Add Some Glitter to Your Hat

Add Glitter Words to Hat | happy together
This is my second project for this months Cricut Design Space Star challenge.  Our team chose to go with fashion and picked “pop of color” for the theme. I have noticed that hats have become very popular lately and while I don’t really wear this style, I still think it’s cute and I knew it would look good on my girls. So I decided to find one I could glitter up a bit. And how else should I do that but with some glitter iron on vinyl cut into a word or phrase. Two trends in one project!

Add Glitter Words to Hat | happy together
This was a really quick project and you can take this idea in so many directions. I used my Cricut Explore™ to get the “hello darling” cutout. I searched a lot of what they had and felt this fit the best for my girls hat. It is actually a graphic with a wreath around it. To get rid of the extra drawing part, I hit the contour button in the box where you see graphics you have on your project page. Then I chose the parts I didn’t want and clicked off to the side to exit. I sized it to fit this kids hat and made sure to choose the “mirror image” option before cutting. A tip on cutting glitter vinyl: I have found this vinyl a little harder to cut than regular vinyl. I put it a notch or two past the iron on vinyl choice to make sure it cuts through. You will also need to use a tool to help get out the little tiny pieces.

Add Glitter Words to Hat | happy together
Add Glitter Words to Hat | happy together
I cut the words apart so I could iron on one at a time. That made it easier since it’s a bit more difficult to iron onto a curved hat.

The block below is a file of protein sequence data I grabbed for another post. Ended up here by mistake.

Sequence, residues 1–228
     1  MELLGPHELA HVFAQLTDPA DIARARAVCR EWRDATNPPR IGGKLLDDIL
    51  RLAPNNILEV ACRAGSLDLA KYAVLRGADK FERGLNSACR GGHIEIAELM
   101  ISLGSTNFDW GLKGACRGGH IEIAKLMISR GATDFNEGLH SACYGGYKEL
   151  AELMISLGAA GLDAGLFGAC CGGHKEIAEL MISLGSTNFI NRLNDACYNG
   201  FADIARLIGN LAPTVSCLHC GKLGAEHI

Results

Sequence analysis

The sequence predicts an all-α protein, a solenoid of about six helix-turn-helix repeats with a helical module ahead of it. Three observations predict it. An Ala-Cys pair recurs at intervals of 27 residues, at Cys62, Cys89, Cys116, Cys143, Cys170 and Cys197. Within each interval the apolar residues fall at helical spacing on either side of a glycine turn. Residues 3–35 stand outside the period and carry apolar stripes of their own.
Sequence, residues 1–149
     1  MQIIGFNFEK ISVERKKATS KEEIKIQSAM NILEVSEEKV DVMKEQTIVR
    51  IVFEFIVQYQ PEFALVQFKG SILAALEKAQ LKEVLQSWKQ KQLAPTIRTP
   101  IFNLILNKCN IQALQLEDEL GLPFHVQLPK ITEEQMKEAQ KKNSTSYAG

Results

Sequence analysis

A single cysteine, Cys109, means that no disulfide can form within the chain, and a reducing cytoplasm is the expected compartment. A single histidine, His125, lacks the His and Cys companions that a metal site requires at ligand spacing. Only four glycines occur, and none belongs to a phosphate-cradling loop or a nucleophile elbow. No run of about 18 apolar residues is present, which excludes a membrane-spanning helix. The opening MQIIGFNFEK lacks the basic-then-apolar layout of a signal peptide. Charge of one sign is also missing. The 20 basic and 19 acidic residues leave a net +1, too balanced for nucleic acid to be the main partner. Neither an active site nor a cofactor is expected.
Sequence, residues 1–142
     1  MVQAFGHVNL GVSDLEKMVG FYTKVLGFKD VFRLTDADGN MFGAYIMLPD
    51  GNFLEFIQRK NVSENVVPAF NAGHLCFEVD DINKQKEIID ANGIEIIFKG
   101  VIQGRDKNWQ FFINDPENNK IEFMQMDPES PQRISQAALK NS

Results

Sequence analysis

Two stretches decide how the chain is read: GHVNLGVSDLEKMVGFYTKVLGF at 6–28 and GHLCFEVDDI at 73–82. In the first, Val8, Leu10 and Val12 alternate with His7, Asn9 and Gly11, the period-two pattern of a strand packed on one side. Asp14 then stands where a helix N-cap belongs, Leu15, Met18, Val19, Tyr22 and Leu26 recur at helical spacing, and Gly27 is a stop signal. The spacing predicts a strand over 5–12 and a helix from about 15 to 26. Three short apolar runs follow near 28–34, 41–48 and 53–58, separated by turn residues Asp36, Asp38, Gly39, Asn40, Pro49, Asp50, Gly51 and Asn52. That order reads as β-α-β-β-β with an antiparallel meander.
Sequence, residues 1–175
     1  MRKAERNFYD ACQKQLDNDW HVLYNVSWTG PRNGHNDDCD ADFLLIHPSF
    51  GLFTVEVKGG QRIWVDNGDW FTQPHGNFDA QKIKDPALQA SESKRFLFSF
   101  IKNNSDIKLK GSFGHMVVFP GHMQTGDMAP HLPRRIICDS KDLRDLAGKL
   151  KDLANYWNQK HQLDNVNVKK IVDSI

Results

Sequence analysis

Add Glitter Words to Hat | happy together
Add Glitter Words to Hat | happy together
I like how the glitter adds a little specialness to the hat. I really want to try to find a hat with floral on the front to do another one. Let me know if you see one somewhere, okay? :)

-Jess

Disclosure: I am part of the Cricut Blogger Network and have used affiliate links. I received a complimentary machine to facilitate my crafts and though I am not being paid for this post, I am submitting it for a chance to win some fun prizes.

DIY Felt Clutch with Tassel

DIY Felt Clutch with Tassel | happy together
The next round of the Cricut Design Space Star is on! After making it into the top ten last time, I was really excited to try and enter some fun projects for this month. My team chose to go with the option of “fashion” and then our specific theme was “pops of color.” Our team is so diverse we wanted it to be broad enough for everyone to do something unique to who they are. The first project that came to my mind was this clutch. I had wanted to do something similar with an actual vintage doily, but thought i might be neat in a felt version. I like being able to add special things to my sewing projects I can’t find in other places.

DIY Felt Clutch with Tassel | happy together
I used three different “doily” shapes found in the Design Space for the Cricut Explore™. I simply searched “doily” and picked three that I would work.

DIY Felt Clutch with Tassel | happy together
DIY Felt Clutch with Tassel | happy together
I really like the pop of color and the bohemian feel they have. It is an inexpensive project with the use of such simple materials, many of which you might already have in your stash. To make your own felt clutch with tassel you will need: